Hennepin County Medical Center has marked a new era in medicine: One in which 3-D printers are used not just for anatomical models and surgical practice, but to create real implants in real patients.

And it came just in time for construction worker Justin Siltala, who was injured last fall when a shovel handle snapped, driving a long wooden shard through his eye socket and into his brain.

With Siltala's case and a handful of others, the Minneapolis hospital has become one of the first in the United States to use a Swedish technology known as OssDsign to create craniofacial bone replacements made of calcium phosphate and 3D-printed titanium that fit precisely in patients.

The shard "stuck into his brain by a good 4 or 5 inches," said Dr. Uzma Samadani, the HCMC neurosurgeon who operated on Siltala. "It was really deep in there, and it broke the bone in two different places."

Step one was delicately removing the wooden splinter, which had pushed aside Siltala's eyeball and pierced the skull. Then surgeons had to figure out how to repair the broken bone. Surgeons worried that the existing fragments could have been tainted by fungus or mold spores in the wood, so they needed a replacement.

"I was concerned about the infection risk," Samadani said.

Three-dimensional printing has gained increasing importance in health care in the last decade.

Doctors originally used the technology to create anatomical models that they could use for planning and practicing complex procedures. Mayo Clinic was an early adopter in 2005, when it created a model for a life-threatening separation surgery of conjoined twins.

Since then, the sharing of 3-D designs has increased rapidly. The National Institutes of Health in 2014 created a 3-D print exchange for that purpose, and just last month Mayo held a national conference on the future of collaborative 3-D printing in medicine.

But in the last five years, surgeons have focused more and more on the technology's ability to make implants.

In 2013, doctors in Michigan gained emergency permission from the U.S. Food and Drug Administration to use 3-D printing to create a tracheal splint to prevent a child's airway from collapsing. Since then, companies have emerged offering 3-D printing solutions for dental, facial, spinal and other implants.

OssDsign gained FDA approval last January; HCMC has now used its facial-bone implant technology in nine surgeries.

Siltala remembers very little about the accident on Nov. 1, when a chunk of asphalt suddenly splintered, shattered the shovel handle that he was holding, and propelled a wooden shard into his skull. A co-worker had to hold Siltala on the ground and pin his arms, because he was instinctively trying to pull the shard out.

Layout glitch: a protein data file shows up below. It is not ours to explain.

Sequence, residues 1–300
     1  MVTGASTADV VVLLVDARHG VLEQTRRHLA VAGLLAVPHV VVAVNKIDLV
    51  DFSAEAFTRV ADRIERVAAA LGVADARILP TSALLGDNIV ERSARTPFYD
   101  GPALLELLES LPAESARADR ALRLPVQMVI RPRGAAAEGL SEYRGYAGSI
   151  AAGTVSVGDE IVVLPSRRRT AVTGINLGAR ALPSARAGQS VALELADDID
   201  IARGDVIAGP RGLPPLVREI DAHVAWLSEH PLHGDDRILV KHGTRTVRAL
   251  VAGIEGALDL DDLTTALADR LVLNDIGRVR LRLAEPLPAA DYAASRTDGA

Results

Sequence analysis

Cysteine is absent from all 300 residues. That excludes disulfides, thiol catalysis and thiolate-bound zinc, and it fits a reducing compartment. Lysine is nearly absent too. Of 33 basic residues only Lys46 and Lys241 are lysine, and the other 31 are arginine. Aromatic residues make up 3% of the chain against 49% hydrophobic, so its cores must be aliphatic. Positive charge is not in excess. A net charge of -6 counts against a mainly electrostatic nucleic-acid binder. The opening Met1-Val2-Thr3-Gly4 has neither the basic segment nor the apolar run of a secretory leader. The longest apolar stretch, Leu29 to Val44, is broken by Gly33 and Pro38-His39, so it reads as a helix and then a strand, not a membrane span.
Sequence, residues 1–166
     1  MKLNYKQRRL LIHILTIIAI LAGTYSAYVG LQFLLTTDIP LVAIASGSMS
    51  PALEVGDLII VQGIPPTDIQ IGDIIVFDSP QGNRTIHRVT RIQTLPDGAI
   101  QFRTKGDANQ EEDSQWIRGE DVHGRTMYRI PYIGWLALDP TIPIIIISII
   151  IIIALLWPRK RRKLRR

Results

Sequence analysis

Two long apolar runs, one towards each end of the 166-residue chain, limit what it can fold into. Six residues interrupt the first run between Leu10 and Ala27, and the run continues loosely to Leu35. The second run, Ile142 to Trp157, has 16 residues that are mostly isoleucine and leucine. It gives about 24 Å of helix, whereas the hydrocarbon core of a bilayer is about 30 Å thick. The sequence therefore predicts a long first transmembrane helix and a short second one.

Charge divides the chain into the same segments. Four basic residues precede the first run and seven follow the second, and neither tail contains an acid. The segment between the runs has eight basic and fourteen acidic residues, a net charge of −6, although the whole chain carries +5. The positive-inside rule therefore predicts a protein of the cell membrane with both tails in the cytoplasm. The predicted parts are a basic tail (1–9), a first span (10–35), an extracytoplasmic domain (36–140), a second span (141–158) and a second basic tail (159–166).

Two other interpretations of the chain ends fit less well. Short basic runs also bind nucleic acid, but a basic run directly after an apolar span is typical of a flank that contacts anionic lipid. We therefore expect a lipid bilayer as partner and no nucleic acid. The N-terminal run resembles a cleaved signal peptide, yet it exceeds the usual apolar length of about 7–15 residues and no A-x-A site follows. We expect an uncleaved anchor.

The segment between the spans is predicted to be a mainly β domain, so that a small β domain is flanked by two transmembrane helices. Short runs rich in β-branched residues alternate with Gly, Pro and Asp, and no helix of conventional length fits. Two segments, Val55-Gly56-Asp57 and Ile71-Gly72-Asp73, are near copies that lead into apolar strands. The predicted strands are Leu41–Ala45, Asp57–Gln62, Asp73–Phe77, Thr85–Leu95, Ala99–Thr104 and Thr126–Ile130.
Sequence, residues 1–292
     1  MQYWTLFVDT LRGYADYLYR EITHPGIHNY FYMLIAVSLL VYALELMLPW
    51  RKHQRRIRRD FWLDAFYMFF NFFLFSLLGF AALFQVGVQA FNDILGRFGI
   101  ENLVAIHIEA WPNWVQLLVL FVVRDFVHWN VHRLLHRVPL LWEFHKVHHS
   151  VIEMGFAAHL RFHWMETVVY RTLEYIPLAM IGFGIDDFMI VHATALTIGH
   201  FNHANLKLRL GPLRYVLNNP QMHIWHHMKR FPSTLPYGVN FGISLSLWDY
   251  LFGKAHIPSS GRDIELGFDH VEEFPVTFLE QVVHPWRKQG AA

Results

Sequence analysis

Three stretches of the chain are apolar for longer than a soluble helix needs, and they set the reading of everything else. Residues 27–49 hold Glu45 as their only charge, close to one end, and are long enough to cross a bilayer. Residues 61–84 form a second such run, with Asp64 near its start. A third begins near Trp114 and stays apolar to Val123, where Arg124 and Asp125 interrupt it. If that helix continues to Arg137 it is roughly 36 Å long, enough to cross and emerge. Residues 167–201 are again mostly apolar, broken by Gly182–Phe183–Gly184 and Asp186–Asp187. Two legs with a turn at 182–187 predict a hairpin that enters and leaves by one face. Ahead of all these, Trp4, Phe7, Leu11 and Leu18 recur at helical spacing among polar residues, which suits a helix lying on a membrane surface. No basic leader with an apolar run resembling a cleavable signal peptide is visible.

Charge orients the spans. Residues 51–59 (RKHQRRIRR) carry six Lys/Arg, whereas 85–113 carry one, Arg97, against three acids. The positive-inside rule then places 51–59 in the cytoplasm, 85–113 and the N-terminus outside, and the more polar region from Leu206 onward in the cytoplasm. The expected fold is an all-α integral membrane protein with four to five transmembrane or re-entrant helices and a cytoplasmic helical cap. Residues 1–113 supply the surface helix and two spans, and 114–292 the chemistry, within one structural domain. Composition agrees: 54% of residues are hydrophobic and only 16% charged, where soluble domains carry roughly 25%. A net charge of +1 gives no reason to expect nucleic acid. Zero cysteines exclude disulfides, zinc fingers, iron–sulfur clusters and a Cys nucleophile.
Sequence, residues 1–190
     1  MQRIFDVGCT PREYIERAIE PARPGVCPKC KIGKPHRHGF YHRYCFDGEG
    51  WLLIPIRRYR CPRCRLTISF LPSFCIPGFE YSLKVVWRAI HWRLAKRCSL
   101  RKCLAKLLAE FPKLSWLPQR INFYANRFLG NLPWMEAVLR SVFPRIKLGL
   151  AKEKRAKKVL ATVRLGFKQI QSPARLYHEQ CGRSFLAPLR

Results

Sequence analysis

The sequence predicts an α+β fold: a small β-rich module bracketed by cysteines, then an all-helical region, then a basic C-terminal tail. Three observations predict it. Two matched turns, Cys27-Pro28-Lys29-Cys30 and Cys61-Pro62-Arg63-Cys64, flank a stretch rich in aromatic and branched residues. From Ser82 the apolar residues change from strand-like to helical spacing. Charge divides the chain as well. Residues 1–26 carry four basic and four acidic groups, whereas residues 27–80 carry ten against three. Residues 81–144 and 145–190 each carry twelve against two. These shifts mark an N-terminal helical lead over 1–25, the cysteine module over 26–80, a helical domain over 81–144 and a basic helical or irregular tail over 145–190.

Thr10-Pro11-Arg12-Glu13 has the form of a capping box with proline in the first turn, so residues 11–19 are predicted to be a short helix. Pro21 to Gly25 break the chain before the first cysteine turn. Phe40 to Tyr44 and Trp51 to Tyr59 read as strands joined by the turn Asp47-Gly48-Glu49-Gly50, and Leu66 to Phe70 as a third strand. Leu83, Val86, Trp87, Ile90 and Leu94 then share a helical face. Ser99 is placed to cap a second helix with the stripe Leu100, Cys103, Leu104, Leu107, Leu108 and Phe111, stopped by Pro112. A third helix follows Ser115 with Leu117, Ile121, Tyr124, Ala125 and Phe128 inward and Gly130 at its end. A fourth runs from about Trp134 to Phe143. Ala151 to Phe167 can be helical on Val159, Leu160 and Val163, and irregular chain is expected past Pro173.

That Siltala survived was miraculous, Samadani said, because the blow would have been fatal if the wood had entered at just a slightly different angle. It pushed his eyeball aside, rather than destroying it, so that corrective surgery was able to save it.

For some accident victims with skull fractures, the best choice is to immediately implant manually shaped titanium scaffolds that will encourage bone growth over time, Samadani said. But they don't always fit perfectly, and they can result in facial deformities. Samadani said she has had to perform corrective surgeries on Vietnam veterans who had operations decades ago, because the titanium used in emergency wartime surgeries eventually protruded back out of the aging bone and caused complications.

But Siltala appeared stable enough after the shovel fragment was removed that Samadani felt confident waiting and leaving a temporary gap in his skull while a 3-D bone replacement was printed to provide an exact fit.

"It's as much about trying to make the patient look normal, or even good, as it is about trying to get a graft that will work," she said.

Siltala, who was back at HCMC last week, lives in Dassel, Minn., with his wife and six children. He said his recovery has been steady — he has taken physical and occupational therapy at HCMC to regain clear eyesight and to restore lost strength, balance and cognition.

But when he touches his skin above the bone implant, he can't feel any difference. Samadani "said it would be the best, and I obviously trusted her," he said, joking that "I'm far from a brain surgeon myself."

Siltala passed a driving simulation last month, and he immediately went out for a drive that lasted 100 miles.

"Just because I could," he said.

To pass the time and get exercise, he splits wood and feeds the two wood stoves in his house, but he said he is looking forward to working again.

A hunter and collector, Siltala now has possession of the shovel fragments that injured him. And he has asked HCMC pathologists to give him his missing fragment of skull.

Jeremy Olson • 612-673-7744